A group of hackers operating under the name LulzSecurity announced in a statement posted on its website on Thursday that it had compromised SonyPictures.com, gaining access to the passwords, email addresses, dates of birth and home addresses of one million users. The vector for attack was an SQL injection, one of the most common online vulnerabilities. This attack joins a host of others targeting Sony in recent weeks.
Aziz Maakaroun, business development director at Outpost24, made the following comments: “Yet another successful attack on Sony raises serious questions about the organisation’s security. What is particularly shocking here is that this hack utilised one of the oldest tricks in the book, an SQL injection vulnerability. Not only are SQL injections one of the most common and well known threats on the web, they are also one of the most easily protected against.
“We know from recent statistics that attacks via SQL injections are on the up, accounting for half of attacks in 2009 and spiralling to almost four fifths in 2010. An SQL injection is not a subtle exploit, and can be easily protected against by ensuring that web applications are securely coded – to not protect your company against this form of attack is the equivalent of leaving your front door unlocked. Organisations should take note of Sony’s recent woes and beef up their web security to ensure that they do not fall victim to similar embarrassment.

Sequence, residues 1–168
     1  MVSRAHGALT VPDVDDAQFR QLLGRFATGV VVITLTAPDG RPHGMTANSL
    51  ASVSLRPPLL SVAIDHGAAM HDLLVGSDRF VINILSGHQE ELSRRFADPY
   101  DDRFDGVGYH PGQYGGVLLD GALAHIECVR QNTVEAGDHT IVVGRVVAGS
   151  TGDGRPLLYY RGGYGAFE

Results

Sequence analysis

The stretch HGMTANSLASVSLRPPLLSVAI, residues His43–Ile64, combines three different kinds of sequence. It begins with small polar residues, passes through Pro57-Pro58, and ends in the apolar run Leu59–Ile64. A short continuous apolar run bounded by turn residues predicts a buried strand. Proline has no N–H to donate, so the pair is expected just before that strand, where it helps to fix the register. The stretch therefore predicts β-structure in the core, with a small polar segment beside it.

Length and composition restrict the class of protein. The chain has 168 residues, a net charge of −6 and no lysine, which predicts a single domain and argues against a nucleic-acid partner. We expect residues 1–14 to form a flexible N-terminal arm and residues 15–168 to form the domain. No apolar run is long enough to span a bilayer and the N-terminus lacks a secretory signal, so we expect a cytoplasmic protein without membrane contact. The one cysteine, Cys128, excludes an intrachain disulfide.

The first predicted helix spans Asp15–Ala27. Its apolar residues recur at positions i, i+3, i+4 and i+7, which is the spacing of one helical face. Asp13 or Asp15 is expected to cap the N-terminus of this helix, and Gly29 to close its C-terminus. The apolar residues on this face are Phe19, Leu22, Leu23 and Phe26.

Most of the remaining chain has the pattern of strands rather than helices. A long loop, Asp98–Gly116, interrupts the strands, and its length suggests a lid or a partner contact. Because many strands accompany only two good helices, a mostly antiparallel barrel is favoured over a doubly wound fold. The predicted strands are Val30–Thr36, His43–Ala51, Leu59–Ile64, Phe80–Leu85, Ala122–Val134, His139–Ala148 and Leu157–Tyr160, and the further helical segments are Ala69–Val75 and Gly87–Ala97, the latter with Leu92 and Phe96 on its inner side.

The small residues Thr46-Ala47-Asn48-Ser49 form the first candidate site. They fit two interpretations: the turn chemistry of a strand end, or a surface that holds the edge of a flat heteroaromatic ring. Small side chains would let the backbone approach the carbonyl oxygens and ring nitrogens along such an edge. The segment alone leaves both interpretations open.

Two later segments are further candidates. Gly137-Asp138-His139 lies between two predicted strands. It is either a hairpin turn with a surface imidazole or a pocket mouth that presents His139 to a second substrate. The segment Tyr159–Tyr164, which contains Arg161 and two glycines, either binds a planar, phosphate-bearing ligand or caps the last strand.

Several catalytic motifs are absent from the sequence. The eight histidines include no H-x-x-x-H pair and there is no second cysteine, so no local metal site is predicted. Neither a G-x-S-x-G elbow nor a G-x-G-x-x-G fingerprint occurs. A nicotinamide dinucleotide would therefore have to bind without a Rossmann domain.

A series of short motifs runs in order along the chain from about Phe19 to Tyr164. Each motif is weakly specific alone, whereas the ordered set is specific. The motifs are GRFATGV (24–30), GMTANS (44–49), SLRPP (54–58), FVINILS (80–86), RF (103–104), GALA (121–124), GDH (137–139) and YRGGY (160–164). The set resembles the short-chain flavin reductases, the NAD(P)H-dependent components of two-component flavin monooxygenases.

“Organisations must assess applications hosted on their sites for errors in coding. Vulnerability scanners can carry this out automatically, at a low cost and with little time investment. Attacks of this nature push consumer and investor confidence in an organisation to rock bottom, disrupting revenue and driving potential customers elsewhere. Others may look at Sony’s victimisation and think “I’m glad that isn’t happening to my company”, but they need to realise that they too may be vulnerable. To not protect sensitive consumer data adequately is an absolute no-no, which can result in a feeding frenzy for hackers and the protracted humiliation of a company.”